limitations on drilling in the gulf that might have reduced the risk
of oil spills during spawning season. It also dismissed the dangers
that drilling posed to deep-water fish as "negligible."
President Obama has acknowledged the agency's failings. Its director,
S. Elizabeth Birnbaum, resigned, and a reorganization of the agency's
functions is under way (last week, it was renamed the Bureau of Ocean
Energy Management, Regulation and Enforcement).
The agency responded to inquiries by saying that in light of the
Deepwater Horizon spill, its policies - including those for fisheries
- were under review.
Given that a single female fish can produce tens of millions of eggs,
scientists say that many billions of them would have been in the water
on April 20. The vast majority of those would never survive to
adulthood even in normal times; now bathed in oil, fewer will make it.
"It's obvious that any egg or larvae encountering oil will die," said
Molly Lutcavage, director of a research center on large fish and
turtles at the University of Massachusetts at Amherst.
Less clear is whether fish would have continued to lay eggs near the
spill after it began. Most fish can smell, and researchers hope that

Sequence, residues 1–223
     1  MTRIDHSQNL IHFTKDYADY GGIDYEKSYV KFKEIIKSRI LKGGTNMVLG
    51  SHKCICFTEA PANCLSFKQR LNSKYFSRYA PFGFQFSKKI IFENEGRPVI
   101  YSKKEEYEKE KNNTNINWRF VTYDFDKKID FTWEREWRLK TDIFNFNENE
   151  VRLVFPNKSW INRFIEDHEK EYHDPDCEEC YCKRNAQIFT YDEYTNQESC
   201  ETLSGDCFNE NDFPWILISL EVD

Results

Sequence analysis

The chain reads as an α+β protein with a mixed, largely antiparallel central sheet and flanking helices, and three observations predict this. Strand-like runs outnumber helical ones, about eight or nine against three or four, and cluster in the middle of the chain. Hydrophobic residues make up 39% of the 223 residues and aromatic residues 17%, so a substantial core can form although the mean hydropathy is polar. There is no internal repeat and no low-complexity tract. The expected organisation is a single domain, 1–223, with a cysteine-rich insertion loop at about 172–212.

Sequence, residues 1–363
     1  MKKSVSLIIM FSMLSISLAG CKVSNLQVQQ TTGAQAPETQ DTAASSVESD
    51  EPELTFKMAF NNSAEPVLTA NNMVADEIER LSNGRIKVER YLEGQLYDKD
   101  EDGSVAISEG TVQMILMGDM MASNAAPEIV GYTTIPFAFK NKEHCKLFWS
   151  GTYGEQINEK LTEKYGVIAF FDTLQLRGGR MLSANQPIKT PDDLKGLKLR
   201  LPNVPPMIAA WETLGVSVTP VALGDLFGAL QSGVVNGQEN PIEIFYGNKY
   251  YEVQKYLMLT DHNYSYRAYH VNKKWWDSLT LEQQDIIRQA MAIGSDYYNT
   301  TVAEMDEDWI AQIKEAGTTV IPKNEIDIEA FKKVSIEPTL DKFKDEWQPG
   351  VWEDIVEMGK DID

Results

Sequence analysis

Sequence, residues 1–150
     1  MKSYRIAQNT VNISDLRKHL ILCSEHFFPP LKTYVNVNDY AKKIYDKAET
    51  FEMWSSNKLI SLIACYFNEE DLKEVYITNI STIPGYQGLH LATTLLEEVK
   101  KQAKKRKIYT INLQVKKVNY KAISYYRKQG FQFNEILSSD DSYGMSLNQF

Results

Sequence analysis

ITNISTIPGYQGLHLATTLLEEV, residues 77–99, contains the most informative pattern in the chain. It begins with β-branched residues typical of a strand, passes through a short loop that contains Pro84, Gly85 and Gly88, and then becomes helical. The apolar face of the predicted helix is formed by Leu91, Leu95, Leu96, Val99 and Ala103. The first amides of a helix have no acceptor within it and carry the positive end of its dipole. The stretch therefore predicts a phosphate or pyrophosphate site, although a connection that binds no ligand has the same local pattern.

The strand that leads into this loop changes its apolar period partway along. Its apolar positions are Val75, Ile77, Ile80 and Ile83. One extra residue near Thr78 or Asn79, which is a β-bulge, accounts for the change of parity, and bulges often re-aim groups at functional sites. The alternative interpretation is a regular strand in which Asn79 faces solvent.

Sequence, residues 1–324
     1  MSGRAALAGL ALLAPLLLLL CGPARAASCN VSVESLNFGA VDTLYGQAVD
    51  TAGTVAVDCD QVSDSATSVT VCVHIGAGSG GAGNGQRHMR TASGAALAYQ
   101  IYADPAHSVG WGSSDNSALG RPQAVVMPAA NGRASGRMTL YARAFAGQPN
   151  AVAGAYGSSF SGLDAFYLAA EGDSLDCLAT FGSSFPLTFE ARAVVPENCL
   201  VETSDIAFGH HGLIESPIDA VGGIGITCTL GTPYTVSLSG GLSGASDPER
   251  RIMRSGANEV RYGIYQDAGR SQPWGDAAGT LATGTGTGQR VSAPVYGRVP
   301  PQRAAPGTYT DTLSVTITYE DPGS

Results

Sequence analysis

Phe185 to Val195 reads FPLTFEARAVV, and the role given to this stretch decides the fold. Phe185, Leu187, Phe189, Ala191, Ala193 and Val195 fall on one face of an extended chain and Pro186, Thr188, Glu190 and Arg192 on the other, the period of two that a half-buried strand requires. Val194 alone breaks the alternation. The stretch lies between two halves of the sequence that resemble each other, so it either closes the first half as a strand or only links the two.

at least some species would have avoided spawning in oil. However,
fish that can be readily spotted from the air, like whale sharks, have
been seen in recent weeks in the vicinity of the spill.
"The question is, does everything shut down if there's oil there, or
do they just go ahead and spawn anyway?" said Eric Hoffmayer, a
researcher at the University of Southern Mississippi.
Many important fish in the region, like yellowfin tuna, are able to
spawn across broad areas of the gulf, and that means significant
numbers of such fish should have hatched this year far from the oil
But other species, including bluefin tuna, apparently have a strong
instinct to spawn in a specific part of the ocean. Scientists fear
that instinct might overcome the presence of oil in the water, causing
the fish to spawn in areas where their offspring would be likely to
die. One of the spawning areas in the gulf favored by bluefin is in
the vicinity of the spill, Dr. Block said.
The risks the spill poses to fish of all kinds have provoked deep
alarm among commercial and sport fishing groups. At least a half-dozen
major billfishing tournaments scheduled for June and July have been
canceled, and tourists who would normally take deep-sea fishing trips
this time of year are avoiding the gulf. The American Sportfishing
Association estimated that business owners were losing millions of
dollars in a recreational fishing industry worth more than $3.5
billion a year in the gulf.
"It's having a horrific impact on the marine and fishing industry,"
said Dan Jacobs, tournament director for an offshore fishing
championship. "The big question is, how long is it going to last?"
Given that it takes some big fish years to reach spawning age, the
death of larvae and juvenile fish could have consequences that might
not show up for a long time.
"The oil spill could be the last straw with these very vulnerable
species," said Ellen Peel, president of the Billfish Foundation, a
nonprofit group that supports recreational offshore fishing.